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Knox, William (1756-1795) to Henry Knox

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Gilder Lehrman Collection #: GLC02437.00555 Author/Creator: Knox, William (1756-1795) Place Written: Boston, Massachusetts Type: Autograph letter signed Date: 20 March 1777 Pagination: 2 p. : address : docket ; 32.3 x 19.8 cm.

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Gilder Lehrman Collection #: GLC02437.00555 Author/Creator: Knox, William (1756-1795) Place Written: Boston, Massachusetts Type: Autograph letter signed Date: 20 March 1777 Pagination: 2 p. : address : docket ; 32.3 x 19.8 cm.

Mentions his plan to "enter the Service" once he raises a certain sum, which he is confident he will have soon. He has bought two hundred pounds worth of quills, paper, and similar articles from Newburry, and thinks they will be easy to turn a profit on since they are scarce in Boston. William and Lucy Knox had reopened the bookshop that Henry had operated before the war, and tried to sell these items there. States that he ran into Joshua Wentworth of Portsmouth, who informed him of the arrival of a French vessel carrying a large cargo of arms for the Continental Army. French officers were also on board, and another French ship with more weapons was expected soon. Mentions the capture of British supply ships. Many of these same events are mentioned in GLC02437.00558. Discusses pistols and horses belonging to Henry. Closes by saying that he is confident he can raise the necessary money, and wishes to discuss what to do next.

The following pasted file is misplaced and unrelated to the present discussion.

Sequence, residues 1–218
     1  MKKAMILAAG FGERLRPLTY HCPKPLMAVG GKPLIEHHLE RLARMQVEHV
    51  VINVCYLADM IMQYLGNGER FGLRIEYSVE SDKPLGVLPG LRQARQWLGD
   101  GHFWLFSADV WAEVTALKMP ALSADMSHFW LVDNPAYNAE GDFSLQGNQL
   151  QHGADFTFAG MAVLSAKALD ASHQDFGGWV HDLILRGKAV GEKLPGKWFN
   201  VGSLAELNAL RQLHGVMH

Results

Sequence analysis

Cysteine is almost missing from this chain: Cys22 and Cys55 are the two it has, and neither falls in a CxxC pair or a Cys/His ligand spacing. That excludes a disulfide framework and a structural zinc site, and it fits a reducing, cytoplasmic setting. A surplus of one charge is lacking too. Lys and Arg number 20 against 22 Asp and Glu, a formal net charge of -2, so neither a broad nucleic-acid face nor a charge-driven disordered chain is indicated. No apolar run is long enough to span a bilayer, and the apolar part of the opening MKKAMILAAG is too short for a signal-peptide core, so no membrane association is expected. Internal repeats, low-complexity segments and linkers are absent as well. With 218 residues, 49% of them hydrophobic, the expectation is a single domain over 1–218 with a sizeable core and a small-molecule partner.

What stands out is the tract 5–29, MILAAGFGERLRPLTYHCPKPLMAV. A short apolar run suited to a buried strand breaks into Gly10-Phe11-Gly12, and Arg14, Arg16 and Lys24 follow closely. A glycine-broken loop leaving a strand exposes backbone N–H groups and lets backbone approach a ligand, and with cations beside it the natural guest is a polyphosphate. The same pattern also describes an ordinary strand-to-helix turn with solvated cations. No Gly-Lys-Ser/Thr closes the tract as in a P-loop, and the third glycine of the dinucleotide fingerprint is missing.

Joshua Wentworth was a state senator from a prestigious New Hampshire family.

[draft]
"…I was sitting at dinner with Mr Hooper in Newbury Port, the day before yesterday about 2 OClock afternoon, Mr Joshua Wentworth of Portsmouth late continental agent for that department arriv'd at his house & that moment from home informing us that just before he came away a French Vessell arriv'd there sent out by authority mounting 10 Guns having Twelve Thousand stands of small arms, (all to about Twelve or thirteen single stands) A Complete set of Guns for the Continental Frigate at Portsmouth 1000 Barrells Powder & the other part of her Cargo, compos'd of woolens & such articles as are also lately necesary for the Army, a French Brigadier General & a Collo. came passengers, they were to be reciev'd at their landing in form
The above Vessell says, that on the same day & from the same port, saild a 50-Gun Ship bout immediately to Boston having on board 50 Brass pieces of Cannon & the other part of her loading was suited to the wants of the Army of the United States.
Last evening arriv'd here two very fine Prizes, one loaded chiefly wth. Engsh. Goods, the other wth. Salt chiefly, a Privateer in which Mr Sam: White was greatly concern'd took one, & the privateer Lady Washington the other.
[2] After you set out from hence, we made very particular search for that pair of Pistolls which belong'd to Hunt & Sherburne & for which they had the modesty to ask Fifteen pounds but could not find them therefore concluded that one of your servants must have put them on board the [illegible] without your knowledge thro' mistake, I therefore wish you would return, or inform me whether you intend Keeping them, as they say they can sell them immediately for the sum they ask'd you …
Dear Harry I am fortunate beyond my most sanguine expectations, & [illegible], but why should I say if I am sure you are dispos'd to make me happy, therefore I must beg you to point out a mode of procedure for me, in your next as I am pretty certain I shall be able to go from hence in 3 Weeks or a month … I'll tell you that within tehse ten days, I have raisd in articles sold out of the store between three & four Hundred pounds, & by an advantageous Bargin at Newbury, the day before yesterday. I am certain of raising the whole sum in the time I mention.
Your Affectionate
Wm Knox

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